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Dr. Eunice Brown, ND
Doctor of Integrated Medicine
1535 Newton Street, NE
Washington DC 20017

office (202) 832 2360

email Dr.Brown



Anti Aging

Research has shown that not everyone ages at the same rate. Discover what causes aging and find out the secrets to living a healthier, longer, and more youthful life. While aging is inevitable, you can slow down your rate of aging. Find out how anti aging supplements may help you turn back the clock.

Natural Antioxidant Supplements and Vitamins
The human body derives its energy from the utilization of nutrients and oxygen as fuel. It also utilizes oxygen to help the immune system destroy foreign substances and combat disease. The byproducts of this and other metabolic processes can lead to the development of molecular agents that react with body tissues in a process called oxidation. While this process is a natural consequence of the energy generation system, its byproducts called "free radicals" can damage healthy cells. Antioxidants work in several ways: First, they may reduce the energy of the free radical. Second, they may stop the free radical from forming in the first place. And finally antioxidants interrupt the oxidizing chain reaction to minimize the damage caused by free radicals.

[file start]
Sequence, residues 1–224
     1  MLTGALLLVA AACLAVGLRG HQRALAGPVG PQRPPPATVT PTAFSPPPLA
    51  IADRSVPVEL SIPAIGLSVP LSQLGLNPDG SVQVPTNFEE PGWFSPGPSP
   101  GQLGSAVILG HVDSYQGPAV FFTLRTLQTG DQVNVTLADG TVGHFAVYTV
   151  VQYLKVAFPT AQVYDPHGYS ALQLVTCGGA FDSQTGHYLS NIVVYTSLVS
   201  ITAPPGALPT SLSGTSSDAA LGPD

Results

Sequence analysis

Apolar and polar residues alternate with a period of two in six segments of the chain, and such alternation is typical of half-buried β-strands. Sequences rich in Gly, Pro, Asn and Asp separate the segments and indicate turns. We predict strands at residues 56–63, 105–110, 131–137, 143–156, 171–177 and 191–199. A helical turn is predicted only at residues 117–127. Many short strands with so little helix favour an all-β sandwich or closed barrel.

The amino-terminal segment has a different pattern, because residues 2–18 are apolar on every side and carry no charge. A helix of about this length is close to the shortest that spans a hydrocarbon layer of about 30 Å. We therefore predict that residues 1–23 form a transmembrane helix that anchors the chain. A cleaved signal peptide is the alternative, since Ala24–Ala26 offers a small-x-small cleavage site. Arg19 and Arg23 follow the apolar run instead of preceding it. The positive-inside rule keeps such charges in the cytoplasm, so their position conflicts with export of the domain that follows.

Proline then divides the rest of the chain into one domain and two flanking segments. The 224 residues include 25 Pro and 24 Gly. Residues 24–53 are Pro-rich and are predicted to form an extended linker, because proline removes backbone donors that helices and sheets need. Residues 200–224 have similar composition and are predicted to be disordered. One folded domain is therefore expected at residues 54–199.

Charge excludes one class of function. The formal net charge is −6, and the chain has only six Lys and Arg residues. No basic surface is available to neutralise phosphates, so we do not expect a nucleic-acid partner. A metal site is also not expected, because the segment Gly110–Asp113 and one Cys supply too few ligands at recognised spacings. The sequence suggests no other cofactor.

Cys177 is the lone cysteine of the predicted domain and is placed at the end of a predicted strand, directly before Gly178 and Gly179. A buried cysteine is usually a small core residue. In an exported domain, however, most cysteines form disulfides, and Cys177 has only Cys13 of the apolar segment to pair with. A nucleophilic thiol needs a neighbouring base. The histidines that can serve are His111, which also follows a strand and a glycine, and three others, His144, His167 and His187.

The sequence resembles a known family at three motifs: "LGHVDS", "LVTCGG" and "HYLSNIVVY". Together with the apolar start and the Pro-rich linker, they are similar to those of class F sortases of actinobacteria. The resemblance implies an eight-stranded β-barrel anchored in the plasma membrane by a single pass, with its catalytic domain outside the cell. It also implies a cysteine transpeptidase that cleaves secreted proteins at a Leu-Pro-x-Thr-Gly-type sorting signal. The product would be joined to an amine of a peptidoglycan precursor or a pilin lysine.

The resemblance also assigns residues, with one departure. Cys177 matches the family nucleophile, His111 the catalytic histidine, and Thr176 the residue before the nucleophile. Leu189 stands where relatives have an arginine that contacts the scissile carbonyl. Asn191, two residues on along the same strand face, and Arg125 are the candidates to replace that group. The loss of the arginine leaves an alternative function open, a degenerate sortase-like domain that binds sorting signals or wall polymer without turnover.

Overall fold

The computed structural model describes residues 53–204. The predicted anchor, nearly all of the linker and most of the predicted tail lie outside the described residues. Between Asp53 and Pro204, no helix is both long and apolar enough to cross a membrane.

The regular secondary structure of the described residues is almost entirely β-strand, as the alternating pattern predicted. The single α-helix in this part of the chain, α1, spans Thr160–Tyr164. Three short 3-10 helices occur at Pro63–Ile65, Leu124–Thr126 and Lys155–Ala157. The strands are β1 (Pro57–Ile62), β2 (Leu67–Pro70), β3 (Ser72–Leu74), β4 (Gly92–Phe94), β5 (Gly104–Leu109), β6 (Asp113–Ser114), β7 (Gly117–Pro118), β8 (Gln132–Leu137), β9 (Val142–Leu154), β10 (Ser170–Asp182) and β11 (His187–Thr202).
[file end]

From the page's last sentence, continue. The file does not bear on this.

Many members of the medical and scientific communities believe that free radicals are major factors leading to more than sixty different health problems including aging, cancer, and atherosclerosis. Reducing exposure to free radicals and increasing intake of antioxidant nutrients has the potential to reduce the risk of health conditions caused by free radicals.

Our bodies produce several antioxidant enzymes, including superoxide dismutase (SOD), glutathione peroxidase, and catalase, that destroy many types of harmful free radicals. Supplements of these enzymes are available for oral administration. However, supplementing with the building blocks the body uses to make SOD, catalase, and glutathione peroxidase may prove to be more effective. These building block nutrients include the minerals manganese, zinc, and copper for SOD, and selenium for glutathione peroxidase.
In addition to enzymes, many vitamins and minerals such as vitamin C, vitamin E, beta-carotene, lutein, lycopene, vitamin B2, coenzyme Q10, and cysteine (an amino acid) act as natural antioxidants. Herbs, such as milk thistle, aloe vera, cascara sagrada, bilberry, turmeric (curcumin), grape seed or pine bark extracts, and ginkgo can also provide powerful antioxidant protection for the body and help inhibit many of the health problems associated with free radicals.